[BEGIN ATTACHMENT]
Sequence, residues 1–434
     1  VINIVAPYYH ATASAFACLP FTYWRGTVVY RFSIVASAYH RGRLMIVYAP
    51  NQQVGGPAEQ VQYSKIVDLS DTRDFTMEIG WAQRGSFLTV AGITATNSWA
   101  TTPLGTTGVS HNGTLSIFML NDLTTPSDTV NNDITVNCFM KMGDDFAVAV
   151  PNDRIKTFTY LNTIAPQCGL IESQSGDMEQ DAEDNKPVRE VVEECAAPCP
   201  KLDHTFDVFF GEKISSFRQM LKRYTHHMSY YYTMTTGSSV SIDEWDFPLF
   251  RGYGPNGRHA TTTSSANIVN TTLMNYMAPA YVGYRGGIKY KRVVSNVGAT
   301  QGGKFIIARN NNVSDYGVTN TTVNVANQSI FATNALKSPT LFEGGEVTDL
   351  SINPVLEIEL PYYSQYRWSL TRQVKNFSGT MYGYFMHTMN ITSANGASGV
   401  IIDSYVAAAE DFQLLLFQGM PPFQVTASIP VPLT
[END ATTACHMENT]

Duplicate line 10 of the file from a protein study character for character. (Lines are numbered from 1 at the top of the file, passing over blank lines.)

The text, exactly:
   401  IIDSYVAAAE DFQLLLFQGM PPFQVTASIP VPLT